Black Hops reveals large loss post-crowdfund

In its first financial report since running a record-breaking equity crowdfunding campaign, Black Hops Brewing has revealed a before-tax loss of $1.8 million.

The company filed its annual report for the 2021-22 financial year with ASIC last week revealing the loss for the financial year, a $2.6 million turnaround from the prior year.

In the financial report lodged with ASIC, the company advised that the results were affected by COVID-19 and losses were set to continue this financial year.

“The company experienced a significant increase in operating costs across the board and an erosion of profit margins from the effects of inflation and COVID-induced supply chain issues,” the report noted.

“The company expects these general economic effects to continue into 2023.”

In a letter to shareholders seen by Brews News, new Managing Director Nathan Hyde expanded on the reasons for the loss.

“After posting a profit in FY21, unfortunately FY22 is a substantial loss,” Hyde said.

“There are a number of factors that have contributed to this – FY21 was a Covid year in Australia, the government offered subsidies and people stayed home ordering more alcoholic beverages than in previous years.

“This meant strong pack sales for Black Hops via our off trade channels.

“FY22 was a year that we were met with significantly increased costs in terms of raw materials, packaging and of course freight.

“This has culminated in higher costs to produce and ship our beers around the country, further, Black Hops as a business did not pass on any increases to our trading partners, which has impacted our GP and EBITDA.

“In FY23, we are going to see a similar result to FY22 for reasons mentioned above.”

Shareholders were also advised that for the current financial year to the end of February, the company had lost a further $1.06 million.

Rapid turnaround post crowdfund

The results may surprise the more than 900 investors who acquired shares in the company through its then-record-breaking CSF campaign in January 2022.

The company raised more than $2.2 million from 996 investors in a day at a valuation of more than $67 million.

In the offer documents accompanying its crowdfunding campaign through Birchal, the accounts showed that in the prior six months the company was running at a before-tax profit of $129,000.

Prospective shareholders were advised the company had “moved from losing money every year, navigated the brewery valley of death and into profitability ” with an EBITDA in the previous financial year of $1.76 million.

While the 2022 results refer to a profit of $867,223 for the 2021 financial year, the company has not filed annual reports 2019/20 and 2020/21 financial years.

New General Manager Nathan Hyde told Brews News that he wasn’t able to fully explain the turnaround in the company’s financials following the profitability reporting in the crowdfunding documents.

He said that towards the end of last year the company had appointed a new head of finance and new external accountants which had given a clearer insight into the business’ accounts.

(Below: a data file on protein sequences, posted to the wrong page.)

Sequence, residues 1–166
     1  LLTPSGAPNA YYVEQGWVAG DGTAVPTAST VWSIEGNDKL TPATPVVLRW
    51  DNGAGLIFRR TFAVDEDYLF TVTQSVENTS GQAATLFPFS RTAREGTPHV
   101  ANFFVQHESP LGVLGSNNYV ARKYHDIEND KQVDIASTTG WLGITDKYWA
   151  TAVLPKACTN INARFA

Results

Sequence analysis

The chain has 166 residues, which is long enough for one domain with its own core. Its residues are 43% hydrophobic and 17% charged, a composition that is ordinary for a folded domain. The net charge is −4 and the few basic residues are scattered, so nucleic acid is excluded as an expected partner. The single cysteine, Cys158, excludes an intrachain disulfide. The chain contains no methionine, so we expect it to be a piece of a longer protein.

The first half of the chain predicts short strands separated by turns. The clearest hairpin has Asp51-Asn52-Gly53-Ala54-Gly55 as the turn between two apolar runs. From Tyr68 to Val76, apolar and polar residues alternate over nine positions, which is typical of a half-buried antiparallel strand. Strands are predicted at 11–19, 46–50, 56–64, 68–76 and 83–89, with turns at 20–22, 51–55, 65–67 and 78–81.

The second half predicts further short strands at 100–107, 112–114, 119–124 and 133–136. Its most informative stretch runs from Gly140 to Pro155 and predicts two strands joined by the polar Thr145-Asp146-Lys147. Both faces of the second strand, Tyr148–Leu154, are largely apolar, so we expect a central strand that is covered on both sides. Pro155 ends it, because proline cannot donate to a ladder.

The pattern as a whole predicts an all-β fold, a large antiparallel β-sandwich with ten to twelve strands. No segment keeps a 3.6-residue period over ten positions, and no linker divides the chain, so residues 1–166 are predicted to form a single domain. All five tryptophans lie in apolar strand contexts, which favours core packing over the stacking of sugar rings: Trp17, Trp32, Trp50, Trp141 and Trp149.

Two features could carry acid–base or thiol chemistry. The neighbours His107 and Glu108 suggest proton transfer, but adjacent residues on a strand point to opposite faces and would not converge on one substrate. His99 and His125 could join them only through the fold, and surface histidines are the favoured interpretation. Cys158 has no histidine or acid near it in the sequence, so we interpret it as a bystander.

“The finance team we have now and the external accountant we’re working with [means] I’m happy with what has been generated from them,” he said.

“I don’t know if the guys had complete oversight through that [prior] period. The business had grown pretty enormously.

“The reason for my appointment was the business is grown up and needs to be more sophisticated, and it needs to be held to account from a financial point of view.

“I’m currently working on a strategy to turn the business around and get it back to profitable.”

Hyde said the business had been impacted by a blowout in costs related to a new packaging line, and hadn’t increased prices for an extended period.

“The business in six years just had one price increase,” he said.

“The business has just absorbed all of these increased costs, in terms of raw materials, wages, logistics, all those sorts of things.

“The businesses has absorbed the whole thing, and not passed anything on.

He said this left Black Hops a little behind the market.

“Certainly, when you look at some of the bigger companies, and the smaller brands have really pushed ahead and shifted their price points, and we just have not done that.

“So costs have just gone through the roof. And you know, revenue sort of plateaued and dropped in some cases, especially from 2021.”

The company’s 2022 report shows revenue grew almost 19 per cent to $16 million, while raw materials and consumables grew 38 per cent to $11.9 million. Wages grew 44 per cent to $2.8 million.

Companies that undertake crowdfunding are required to meet annual reporting requirements, with ASIC recently expressing concern at the level of non-compliance amongst companies that have used the mechanism to raise funds.

Birchal hosted the 2022 crowdfunding campaign despite Black Hops not having filed its required financials with ASIC for the two years prior to its latest raise.

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